Calgary Conservative Examiner
April 14, 2010
Climate change has been on the mind of most people last year. The mostly failed Copenhagen summit was big news last year. Amongst all this discussion Danielle Smith was elected leader of the Wildrose Alliance party.
Considered a climate change denier and an enemy of the environment Smith has worked hard to show that she and the party are willing to work with environmentalists to better green Alberta. In this two part series it will look first at the origins of Smith’s environmental policy history and how it has guided her.
In the second part we will look at her positions on Alberta environmental policy and her positions on some of the challenges facing Alberta today.
Smith described her interest in the environment as one that started early in her life. As someone interested in economics it was obvious that environmental policy would play its part as an factor in the health of the economy.
“If you look at my history I have always taken an interest in the environment,” Smith said, “When I first graduated university I had a year long internship at the Fraser Institute and my project there was looking at environmental indicators for Canada and the US.”
The idea was to measure where the Canada and the US were in 1970 to the mid-nineties, in this way they could identify the strengths and weaknesses of the way the two governments and businesses have dealt with biodiversity, land management, pollution, water and solid waste management.
“When you look back at the first earth day in 1970 verses where we are today we have come a long way in improving overall quality of our environment over a whole range of indicators,” Smith said, while indicating that there has been somethings that still needed work.
Smith also co-authored a study called Achieving Eco-Prosperity: SMEs’ perspectives on the environment. Her conclusions from the study was that small businesses wanted a strong healthy environment and economy at the same time. Smith said, “You cannot sacrifice one for the other and you shouldn’t sacrifice have too, it is possible to have both.”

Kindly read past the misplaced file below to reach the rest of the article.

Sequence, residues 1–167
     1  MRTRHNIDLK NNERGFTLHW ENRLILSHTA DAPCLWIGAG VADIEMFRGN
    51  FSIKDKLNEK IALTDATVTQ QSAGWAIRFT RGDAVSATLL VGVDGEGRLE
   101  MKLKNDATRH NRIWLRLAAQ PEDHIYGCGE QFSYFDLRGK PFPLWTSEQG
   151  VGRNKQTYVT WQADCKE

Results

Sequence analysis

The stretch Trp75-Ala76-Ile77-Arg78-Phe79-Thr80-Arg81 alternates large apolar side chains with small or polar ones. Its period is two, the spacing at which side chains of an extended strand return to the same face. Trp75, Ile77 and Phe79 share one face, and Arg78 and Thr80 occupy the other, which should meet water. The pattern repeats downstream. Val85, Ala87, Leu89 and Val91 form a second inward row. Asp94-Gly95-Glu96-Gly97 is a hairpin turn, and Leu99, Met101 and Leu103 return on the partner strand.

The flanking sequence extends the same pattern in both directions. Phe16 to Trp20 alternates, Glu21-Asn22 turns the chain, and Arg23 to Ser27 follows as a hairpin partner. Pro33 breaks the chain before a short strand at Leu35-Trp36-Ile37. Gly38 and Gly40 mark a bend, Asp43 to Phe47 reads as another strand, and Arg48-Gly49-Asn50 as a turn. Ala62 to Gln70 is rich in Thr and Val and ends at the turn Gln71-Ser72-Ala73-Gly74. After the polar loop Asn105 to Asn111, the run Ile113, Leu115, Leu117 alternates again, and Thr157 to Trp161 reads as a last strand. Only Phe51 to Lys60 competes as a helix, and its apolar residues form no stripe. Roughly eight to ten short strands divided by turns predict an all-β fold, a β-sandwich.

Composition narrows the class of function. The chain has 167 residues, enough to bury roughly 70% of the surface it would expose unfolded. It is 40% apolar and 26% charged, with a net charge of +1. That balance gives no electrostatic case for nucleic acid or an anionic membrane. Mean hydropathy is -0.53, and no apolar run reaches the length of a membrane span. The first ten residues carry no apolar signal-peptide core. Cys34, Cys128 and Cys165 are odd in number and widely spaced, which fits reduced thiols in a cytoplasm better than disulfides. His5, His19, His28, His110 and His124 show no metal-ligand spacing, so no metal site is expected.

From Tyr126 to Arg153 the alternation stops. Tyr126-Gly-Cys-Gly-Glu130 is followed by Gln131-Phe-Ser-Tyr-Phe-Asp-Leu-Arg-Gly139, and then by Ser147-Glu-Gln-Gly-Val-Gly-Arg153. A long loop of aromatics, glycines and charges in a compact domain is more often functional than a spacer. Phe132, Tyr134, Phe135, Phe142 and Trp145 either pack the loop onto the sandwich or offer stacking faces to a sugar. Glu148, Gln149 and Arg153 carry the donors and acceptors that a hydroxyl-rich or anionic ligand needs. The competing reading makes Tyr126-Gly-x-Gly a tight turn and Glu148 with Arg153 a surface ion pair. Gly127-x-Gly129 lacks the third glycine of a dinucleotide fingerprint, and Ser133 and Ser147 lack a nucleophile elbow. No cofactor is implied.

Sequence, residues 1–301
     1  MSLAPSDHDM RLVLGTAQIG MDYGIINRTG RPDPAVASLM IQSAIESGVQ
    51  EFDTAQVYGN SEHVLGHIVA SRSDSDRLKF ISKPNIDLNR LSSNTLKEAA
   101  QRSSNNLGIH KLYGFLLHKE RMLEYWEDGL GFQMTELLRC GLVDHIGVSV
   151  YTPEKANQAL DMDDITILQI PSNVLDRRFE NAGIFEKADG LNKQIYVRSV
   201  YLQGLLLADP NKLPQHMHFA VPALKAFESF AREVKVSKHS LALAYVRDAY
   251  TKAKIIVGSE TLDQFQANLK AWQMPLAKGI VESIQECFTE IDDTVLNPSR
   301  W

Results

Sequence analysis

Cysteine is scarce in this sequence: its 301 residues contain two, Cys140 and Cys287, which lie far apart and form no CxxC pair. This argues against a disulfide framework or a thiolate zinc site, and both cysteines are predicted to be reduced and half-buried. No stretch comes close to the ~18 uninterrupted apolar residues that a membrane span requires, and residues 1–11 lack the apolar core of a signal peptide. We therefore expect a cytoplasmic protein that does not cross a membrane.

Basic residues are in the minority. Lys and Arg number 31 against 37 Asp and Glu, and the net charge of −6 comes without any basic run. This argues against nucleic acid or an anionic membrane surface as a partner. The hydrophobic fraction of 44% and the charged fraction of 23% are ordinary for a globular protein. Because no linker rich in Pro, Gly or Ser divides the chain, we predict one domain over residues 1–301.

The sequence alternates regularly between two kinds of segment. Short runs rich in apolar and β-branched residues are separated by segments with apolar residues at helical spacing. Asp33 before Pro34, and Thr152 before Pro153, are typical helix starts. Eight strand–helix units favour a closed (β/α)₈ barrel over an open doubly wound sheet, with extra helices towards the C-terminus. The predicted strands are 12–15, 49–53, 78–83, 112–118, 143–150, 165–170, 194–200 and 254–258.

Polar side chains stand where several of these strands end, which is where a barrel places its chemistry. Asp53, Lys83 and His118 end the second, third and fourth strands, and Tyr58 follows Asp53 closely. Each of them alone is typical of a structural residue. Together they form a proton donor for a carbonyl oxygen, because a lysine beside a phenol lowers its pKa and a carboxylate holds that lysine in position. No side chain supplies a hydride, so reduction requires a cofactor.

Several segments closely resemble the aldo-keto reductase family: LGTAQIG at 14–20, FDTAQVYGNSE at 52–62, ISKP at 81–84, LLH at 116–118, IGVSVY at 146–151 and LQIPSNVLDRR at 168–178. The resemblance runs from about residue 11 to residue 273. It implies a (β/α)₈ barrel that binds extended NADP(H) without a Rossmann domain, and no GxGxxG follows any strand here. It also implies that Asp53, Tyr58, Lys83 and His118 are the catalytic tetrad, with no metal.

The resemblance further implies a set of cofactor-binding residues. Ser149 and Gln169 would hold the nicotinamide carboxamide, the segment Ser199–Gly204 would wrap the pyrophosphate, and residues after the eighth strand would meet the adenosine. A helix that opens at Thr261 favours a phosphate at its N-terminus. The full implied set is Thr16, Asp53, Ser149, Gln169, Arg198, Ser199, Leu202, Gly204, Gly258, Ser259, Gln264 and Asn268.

Smith explained that she has three guiding principles on environment.
“Number one, we have to make sure we are identifying the right things to fix. Number two we have to make sure we are identifying real solutions and number three we have to make sure we are following up to demonstrate that we actually have real outcomes,” explained Smith.
Critics on the other hand have accused her of being in the pockets of big oil and soft on corporations that pollute. As she became a leader of the Wildrose Alliance these calls have come more often because of stances she and the party have made over Alberta’s resources.
“We are the party of small business if you look at the people that supported us in the (donations) from last year it was mostly individuals and small business owners and there is a reason for that,” sad Smith in answer to those charges, “Big corporations often have the ability to lobby to get relaxations on environmental rules, and if you look at the history of some of our worst pollution problems, this has been documented.”
Smith studied a book published by Elizabeth Brubaker which noted that big corporations would use the government as a shield as they were creating many of the pollution problems. Brubaker argued that corporations must live up to expectations and not be bad citizens.
“There is no right to pollute. You are not permitted to use your property in a way that causes harm to another person’s property,” said Smith, “If we got more serious on following through on some of the protections that we have through common law, riparian law (water rights), (and) through nuisance law we would be able to resolve many of the issues of pollution that have gone on unabated for a period of time.”
Brubaker is a member of Environment Probe International whose goal is to champion “the use of property rights, markets, and decentralized decision making to empower individuals and communities to protect the environment.”
If one wants to understand where Danielle Smith is coming from on the environment one would say that Brubaker might be a good place to start.